I’m not a prolific reader these days. Having two small kids tends to drain away the time I once devoted to piling through novels. When I did read though, it tended to be factual tomes rather than fiction. I’ve always had a preference for books on history or science.
Fortunately we’re on holiday at the moment, and it’s on these rare occasions that I make the effort to catch up on some reading. That brought me to one of my favourite authors, Bill Bryson, and his new book “At Home – a short history of private life“. In his usual style, he starts off focusing on a very specific topic, in this case the history of the home, but somehow manages to range all over the place, incorporating lots of interesting snippets of historical information.
In the introduction he mentions how his Norfolk home is next to a church that appears to have sunk some three feet into the ground. In reality the ground has risen due to the thousands of people buried there over the last 1,000 years. It’s the sort of historical tidbit that catches your imagination and also brought me to consider some of the many hidden archaeological treasures dotted around the Isle of Mull’s countryside.
To the casual observer on a holiday to Mull, it wouldn’t be immediately obvious that the island is covered in archaeological sites from pre-history right up to the modern age and the tragedy of the highland clearances. You can read a quick synopsis on Mull’s history here.
But even if you’re not trained in the field, there are some excellent resources that can make a visit to Mull a much more illuminating experience… if it’s your kind thing of course.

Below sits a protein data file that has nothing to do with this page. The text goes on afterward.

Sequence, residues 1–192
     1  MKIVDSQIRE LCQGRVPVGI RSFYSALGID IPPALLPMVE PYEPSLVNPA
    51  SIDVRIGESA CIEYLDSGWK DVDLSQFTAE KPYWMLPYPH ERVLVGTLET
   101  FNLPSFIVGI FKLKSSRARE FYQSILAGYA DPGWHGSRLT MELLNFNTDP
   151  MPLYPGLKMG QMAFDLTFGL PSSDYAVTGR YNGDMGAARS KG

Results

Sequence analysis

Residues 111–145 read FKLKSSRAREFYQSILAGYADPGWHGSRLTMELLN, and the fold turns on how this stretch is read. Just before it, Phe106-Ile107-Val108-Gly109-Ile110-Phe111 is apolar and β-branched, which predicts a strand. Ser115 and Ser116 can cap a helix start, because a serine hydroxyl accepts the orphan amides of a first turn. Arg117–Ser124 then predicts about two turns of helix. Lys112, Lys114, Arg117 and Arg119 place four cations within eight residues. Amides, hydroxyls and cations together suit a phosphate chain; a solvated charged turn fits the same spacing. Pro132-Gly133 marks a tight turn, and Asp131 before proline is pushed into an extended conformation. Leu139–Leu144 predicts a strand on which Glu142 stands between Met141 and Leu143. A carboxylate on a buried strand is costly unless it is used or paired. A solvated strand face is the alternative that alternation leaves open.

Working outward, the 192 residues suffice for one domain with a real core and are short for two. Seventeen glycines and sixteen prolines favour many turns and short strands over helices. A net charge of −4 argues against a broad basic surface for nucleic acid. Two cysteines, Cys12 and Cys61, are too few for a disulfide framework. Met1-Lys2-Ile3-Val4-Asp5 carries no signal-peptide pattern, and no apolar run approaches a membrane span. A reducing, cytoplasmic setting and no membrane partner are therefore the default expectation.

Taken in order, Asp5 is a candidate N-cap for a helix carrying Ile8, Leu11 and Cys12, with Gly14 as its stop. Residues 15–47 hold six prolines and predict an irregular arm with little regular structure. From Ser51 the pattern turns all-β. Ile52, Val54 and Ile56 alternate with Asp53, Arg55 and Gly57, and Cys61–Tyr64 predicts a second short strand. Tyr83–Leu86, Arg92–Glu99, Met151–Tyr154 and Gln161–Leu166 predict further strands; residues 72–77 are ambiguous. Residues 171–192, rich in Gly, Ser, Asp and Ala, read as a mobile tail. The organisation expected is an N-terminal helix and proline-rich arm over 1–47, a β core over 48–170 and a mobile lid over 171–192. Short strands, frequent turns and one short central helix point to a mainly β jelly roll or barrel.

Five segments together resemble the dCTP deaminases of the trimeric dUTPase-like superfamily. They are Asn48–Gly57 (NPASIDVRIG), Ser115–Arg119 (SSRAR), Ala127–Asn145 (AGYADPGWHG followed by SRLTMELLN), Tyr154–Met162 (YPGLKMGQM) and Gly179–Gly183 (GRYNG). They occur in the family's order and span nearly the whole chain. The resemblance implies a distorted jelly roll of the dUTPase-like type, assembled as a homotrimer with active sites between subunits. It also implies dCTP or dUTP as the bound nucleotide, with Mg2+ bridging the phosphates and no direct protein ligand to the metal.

One website I recently happened upon is The Megalithic Portal and Megalith Map. Now this website isn’t about to win any awards for being pretty on the eye, but what it does do is deliver a wealth of geographical information about ancient sites all over the UK, Europe and the wider world. I came across it when someone tweeted about visiting a megalith not far from Salen at the centre of Mull.
It was on this website that I discovered a detailed interactive map which pinpoints a wealth of interesting historical sites all over the Isle of Mull. The map embedded in the website uses Yahoo Maps, but I prefer the Google Maps version.
Usefully, you can also extract the latitude and longitude information, thus making it a whole lot easier to pinpoint sites which would otherwise be masked by time and plant growth.
So, whether you want to holiday on Mull for the wildlife, beaches, or scenery, you can now add a little bit more to the history of the island and the peoples who once lived there, thanks to this handy website.
Beach House Self-Catering, Isle of Mull